America Online released a free, Internet-based e-mail service today - the first time the company has gone outside the "garden wall" of their fee-based subscription model for substantial services.
Competing with free emails services like Google's Gmail (2.3 gigabytes of storage), Yahoo (1 gigabyte for free), and Microsoft Corp.'s Hotmail (250 megabytes), AOL's new email service will provide 2 gigabytes of free storage and protection against viruses and spam.
"AIM Mail," as the new service is called, is available to any AOL Instant Messenger (AIM) user and is being delivered via the new v. 5.9 of AOL's AIM client. Users of AIM will be able to use their existing screen name for their e-mail address.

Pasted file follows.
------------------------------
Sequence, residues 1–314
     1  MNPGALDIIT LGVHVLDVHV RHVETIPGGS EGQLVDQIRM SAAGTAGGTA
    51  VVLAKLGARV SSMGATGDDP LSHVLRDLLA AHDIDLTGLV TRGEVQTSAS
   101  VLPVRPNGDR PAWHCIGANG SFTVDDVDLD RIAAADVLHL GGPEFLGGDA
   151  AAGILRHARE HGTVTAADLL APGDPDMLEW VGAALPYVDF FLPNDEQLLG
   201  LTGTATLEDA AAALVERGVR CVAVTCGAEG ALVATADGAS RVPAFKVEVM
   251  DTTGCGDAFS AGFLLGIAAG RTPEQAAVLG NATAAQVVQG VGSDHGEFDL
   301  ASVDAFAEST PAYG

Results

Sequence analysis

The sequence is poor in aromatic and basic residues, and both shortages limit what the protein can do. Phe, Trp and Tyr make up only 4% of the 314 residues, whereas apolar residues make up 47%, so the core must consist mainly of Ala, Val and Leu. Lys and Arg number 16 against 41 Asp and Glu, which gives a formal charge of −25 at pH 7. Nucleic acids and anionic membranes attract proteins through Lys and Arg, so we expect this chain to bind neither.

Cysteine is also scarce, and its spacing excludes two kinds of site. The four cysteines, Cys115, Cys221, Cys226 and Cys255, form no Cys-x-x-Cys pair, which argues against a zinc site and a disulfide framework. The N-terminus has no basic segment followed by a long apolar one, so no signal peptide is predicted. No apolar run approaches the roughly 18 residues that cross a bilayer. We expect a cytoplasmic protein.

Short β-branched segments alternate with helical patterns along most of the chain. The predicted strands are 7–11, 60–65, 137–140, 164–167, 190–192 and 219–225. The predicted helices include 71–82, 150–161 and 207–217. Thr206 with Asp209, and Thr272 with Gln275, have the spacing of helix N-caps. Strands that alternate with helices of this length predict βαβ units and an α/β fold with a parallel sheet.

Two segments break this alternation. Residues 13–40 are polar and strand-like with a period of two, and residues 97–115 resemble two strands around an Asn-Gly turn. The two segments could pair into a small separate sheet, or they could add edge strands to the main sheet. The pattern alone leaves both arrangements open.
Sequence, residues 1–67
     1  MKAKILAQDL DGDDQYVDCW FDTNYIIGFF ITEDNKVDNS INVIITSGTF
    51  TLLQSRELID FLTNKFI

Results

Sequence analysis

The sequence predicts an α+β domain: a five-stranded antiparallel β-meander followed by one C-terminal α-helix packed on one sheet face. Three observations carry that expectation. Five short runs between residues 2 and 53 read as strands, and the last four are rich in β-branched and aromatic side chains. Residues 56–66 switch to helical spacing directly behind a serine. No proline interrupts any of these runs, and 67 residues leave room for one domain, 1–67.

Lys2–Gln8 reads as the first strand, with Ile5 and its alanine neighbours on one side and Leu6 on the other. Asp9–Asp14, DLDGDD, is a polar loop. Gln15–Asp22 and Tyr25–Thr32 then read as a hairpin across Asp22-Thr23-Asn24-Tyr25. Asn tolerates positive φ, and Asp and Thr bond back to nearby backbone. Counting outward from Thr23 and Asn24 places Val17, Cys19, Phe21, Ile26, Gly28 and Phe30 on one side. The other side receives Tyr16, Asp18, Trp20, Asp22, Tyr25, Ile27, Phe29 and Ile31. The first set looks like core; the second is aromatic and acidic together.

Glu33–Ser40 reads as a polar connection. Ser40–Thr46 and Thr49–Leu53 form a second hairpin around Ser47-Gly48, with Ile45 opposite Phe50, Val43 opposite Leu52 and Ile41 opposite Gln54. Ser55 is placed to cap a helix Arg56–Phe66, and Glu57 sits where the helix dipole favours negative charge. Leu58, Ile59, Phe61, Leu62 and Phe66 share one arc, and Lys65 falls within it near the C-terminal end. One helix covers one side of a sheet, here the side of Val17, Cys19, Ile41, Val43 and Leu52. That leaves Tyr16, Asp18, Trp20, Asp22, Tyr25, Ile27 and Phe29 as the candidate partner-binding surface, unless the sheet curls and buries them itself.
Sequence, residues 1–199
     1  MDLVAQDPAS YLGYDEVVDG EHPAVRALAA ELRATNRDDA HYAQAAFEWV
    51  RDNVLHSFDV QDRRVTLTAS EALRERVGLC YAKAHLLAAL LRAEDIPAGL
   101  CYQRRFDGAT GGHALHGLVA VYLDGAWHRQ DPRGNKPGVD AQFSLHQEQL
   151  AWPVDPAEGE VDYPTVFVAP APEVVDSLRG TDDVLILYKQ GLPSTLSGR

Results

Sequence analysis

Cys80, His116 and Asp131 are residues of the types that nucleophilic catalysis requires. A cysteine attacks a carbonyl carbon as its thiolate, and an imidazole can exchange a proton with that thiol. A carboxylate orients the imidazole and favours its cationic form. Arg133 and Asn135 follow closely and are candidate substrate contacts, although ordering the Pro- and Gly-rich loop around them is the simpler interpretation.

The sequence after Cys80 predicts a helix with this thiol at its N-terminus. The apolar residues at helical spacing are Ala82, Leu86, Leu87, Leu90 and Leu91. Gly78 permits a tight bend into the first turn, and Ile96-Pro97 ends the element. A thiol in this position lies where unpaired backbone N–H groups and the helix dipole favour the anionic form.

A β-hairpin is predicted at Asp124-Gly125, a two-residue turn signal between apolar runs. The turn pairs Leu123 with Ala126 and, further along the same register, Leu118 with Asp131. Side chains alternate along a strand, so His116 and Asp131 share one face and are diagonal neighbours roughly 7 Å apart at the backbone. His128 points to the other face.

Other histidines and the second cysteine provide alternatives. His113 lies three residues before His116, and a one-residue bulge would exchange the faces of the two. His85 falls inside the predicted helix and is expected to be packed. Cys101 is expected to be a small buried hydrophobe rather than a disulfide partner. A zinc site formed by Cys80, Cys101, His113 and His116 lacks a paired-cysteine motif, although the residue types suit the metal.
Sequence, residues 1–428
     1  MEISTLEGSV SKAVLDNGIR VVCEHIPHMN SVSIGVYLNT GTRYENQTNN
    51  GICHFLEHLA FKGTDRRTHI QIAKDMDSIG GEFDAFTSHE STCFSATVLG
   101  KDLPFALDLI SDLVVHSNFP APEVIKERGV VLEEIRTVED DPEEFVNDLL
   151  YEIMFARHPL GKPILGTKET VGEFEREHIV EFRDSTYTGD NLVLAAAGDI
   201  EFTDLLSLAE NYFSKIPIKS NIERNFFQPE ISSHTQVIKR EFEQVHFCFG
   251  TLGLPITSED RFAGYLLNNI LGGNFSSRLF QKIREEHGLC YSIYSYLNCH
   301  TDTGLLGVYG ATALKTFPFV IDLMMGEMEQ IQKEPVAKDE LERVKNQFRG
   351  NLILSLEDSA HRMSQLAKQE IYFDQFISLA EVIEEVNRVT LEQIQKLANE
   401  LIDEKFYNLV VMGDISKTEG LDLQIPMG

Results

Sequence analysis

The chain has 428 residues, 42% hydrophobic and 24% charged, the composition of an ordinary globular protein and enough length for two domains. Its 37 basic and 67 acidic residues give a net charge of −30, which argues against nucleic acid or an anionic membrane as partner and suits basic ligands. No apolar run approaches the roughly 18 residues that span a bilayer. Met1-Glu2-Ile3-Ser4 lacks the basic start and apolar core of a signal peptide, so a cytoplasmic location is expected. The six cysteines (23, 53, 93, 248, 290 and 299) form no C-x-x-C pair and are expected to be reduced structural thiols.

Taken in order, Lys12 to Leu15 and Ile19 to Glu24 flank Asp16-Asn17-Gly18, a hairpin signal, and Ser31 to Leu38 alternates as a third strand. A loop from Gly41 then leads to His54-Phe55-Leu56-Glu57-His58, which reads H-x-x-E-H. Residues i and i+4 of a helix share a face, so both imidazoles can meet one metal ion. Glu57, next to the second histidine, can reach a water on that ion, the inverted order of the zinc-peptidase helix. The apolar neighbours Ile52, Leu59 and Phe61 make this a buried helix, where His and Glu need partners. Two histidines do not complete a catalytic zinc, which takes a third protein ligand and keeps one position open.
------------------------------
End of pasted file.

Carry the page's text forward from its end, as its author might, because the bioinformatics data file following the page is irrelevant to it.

Other improvements to the current AIM service include one-click access to AIM Mail, an expanded buddy list feature that can now accommodate up to 400 buddies and store more contact information for each one, as well as twice as much writing space for away messages.
AIM users who activate their AIM Mail account can register to become eligible to win daily prizes, including Starbucks gift cards, T-Mobile Sidekicks, Apple iPod Shuffles and Sony PlayStation Portables. One grand prize winner will drive away in a 2005 MINI Copper S.
AOL also announced its 80 million paying customers will have access to unlimited storage space for emails, attachments and folders later this summer; and in another change, up to seven screen names on a single dial-up account can sign on simultaneously from multiple locations, a feature previously only available to broadband customers.
This is what competition will do, though I am certain AOL would rather roll back the clock about six or seven years to when they ruled the online universe.